Suddenly, something happened and her children changed. They became sophisticated and decided mother was too old fashioned. She acted in ways they could not condone. They became critical of her every move and began to avoid contact. They were busy with too many obligations and could not visit or support her. Birthdays no longer were a priority and often Israel sat alone with a cake filled with candles and no one to help blow them out.

Outwardly she still seemed strong, yet her heart was about to break, her very being to explode to pieces.

She wondered what she had done to incur such wrath, such anger from her children. Had she committed some egregious, unforgivable mistake? Even if she unknowingly did, did she not deserve forgiveness? Did she deserve their accusations of wrongdoing and untoward actions?

She would never knowingly do anything to drive her children away. What mother ever would?

What errors could have caused the hearts of her children to harden against her?

Now Israel is alone. Infected with an enemy that wishes to destroy her. She has nothing left to give but the love for her children they no longer accept. Staring out a window and remembering how good life was when her family was around only creates an unbearable pain in her heart.

It is this very moment, when she is most weak and fragile, that she needs the support and love to embrace her. Anything else will ultimately destroy her.

Now her children join in the chorus of critics as she reels from the blows of former friends who turn against her in their folly.

As she withers away, her children castigate and turn a deaf ear to her suffering. They have forgotten the mother, who took them in, cleaned, nurtured, fed and sustained them with a pure, selfless love.

Now they are selfish, unforgiving and ungrateful children.

One always wishes when they attend a funeral for one who has suffered at the hands of their children, should I speak up and call them to task?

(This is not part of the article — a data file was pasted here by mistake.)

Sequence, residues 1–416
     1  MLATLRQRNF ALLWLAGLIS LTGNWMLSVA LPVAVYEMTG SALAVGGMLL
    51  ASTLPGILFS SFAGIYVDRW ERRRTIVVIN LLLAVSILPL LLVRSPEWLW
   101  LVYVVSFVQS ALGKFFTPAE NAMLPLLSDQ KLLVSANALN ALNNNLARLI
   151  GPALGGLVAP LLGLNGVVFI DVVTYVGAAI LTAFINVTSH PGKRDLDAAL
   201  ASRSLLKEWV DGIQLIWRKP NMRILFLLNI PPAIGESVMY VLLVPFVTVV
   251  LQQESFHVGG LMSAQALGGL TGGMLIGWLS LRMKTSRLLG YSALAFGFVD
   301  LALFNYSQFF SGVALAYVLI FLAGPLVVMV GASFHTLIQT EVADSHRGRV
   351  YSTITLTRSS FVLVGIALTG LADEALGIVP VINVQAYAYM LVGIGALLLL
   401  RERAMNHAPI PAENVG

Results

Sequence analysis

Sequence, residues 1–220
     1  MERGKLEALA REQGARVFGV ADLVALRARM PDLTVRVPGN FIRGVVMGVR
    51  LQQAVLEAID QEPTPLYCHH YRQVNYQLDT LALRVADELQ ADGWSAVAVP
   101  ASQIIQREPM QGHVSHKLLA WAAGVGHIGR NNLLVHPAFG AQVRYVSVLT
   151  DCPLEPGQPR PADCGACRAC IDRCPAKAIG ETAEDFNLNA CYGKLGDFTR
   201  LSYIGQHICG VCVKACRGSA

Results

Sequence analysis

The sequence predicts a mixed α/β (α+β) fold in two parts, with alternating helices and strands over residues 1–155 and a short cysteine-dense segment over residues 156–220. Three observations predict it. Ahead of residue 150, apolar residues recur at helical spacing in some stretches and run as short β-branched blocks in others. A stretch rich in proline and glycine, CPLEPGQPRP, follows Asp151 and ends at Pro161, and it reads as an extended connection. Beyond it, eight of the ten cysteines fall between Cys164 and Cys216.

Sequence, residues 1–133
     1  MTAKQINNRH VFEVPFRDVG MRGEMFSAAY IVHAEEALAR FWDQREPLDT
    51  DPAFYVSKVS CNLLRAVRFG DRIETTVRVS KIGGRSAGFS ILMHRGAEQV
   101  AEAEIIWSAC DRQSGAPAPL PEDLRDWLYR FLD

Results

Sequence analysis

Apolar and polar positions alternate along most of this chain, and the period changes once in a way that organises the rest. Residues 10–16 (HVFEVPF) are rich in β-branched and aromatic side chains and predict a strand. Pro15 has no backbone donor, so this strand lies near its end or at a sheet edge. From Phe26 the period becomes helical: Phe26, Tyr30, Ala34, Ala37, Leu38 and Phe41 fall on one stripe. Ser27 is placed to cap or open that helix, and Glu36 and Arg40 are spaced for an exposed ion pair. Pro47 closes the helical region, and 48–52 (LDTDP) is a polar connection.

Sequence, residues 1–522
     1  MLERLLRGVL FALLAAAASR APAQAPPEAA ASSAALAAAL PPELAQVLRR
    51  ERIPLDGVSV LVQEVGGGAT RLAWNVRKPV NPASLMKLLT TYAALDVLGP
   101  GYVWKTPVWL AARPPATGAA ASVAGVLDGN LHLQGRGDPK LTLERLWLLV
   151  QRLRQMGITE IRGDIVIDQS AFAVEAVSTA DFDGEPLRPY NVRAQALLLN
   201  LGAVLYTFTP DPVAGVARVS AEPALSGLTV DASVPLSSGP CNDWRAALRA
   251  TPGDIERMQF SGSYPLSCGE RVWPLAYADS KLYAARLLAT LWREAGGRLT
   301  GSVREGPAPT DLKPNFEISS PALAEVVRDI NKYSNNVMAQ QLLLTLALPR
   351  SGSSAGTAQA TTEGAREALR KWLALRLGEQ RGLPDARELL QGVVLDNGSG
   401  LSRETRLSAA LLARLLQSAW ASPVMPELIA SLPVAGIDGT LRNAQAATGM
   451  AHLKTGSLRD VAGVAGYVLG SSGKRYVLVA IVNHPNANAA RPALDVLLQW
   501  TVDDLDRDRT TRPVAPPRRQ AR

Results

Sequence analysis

Shall I ask why when their mother was in pain alone and suffering they turned a deaf ear? Why they cry now when it is too late for her to hear? Or just pray that in the next life there is appreciation and unconditional love for a mother who needs to heal a broken heart?

Why ask when it is too late?

This time I cannot turn a blind eye to Israel’s children and their selfishness in breaking her heart. I am calling them to task and telling them how thoughtless and wrong thinking they are before it is too late.

Israel was there for her children, now it is time to be there for her. This is the undisputable reality, and every Jewish person on earth must be held accountable. There will be no forgiveness at the graveside for these ungrateful children nor do I believe there will be any forgiveness in heaven. The mercy they have failed to show will be held from them.

God gave the gift of Israel to His children and it must be nurtured, loved and protected. Or one day we may awake and the loving and forgiving arms of our mother will be in heaven, and we shall no longer have any protection from the hell here on earth.

This point”and often”counter-point presentation is sprinkled with humor and sadness and attempts to tackle serious and relevant issues of the day. The series began in 2008, appears both in print in the USA and on numerous websites and is followed regularly by readership from around the world.

(c) Postcards from Israel”Postcards from America,”

Norma Zager is a Jewish woman who lives in the USA.

In the series “Postcards from Israel,” Ari Bussel and Norma Zager invite readers throughout the world to join them as they present reports from Israel as seen by two sets of eyes: Bussel’s on the ground, Zager’s counterpoint from home.

Israel and the United States are interrelated – the two countries we hold dearest to our hearts – and so is this “point – counterpoint” presentation that has, since 2008, become part of our lives.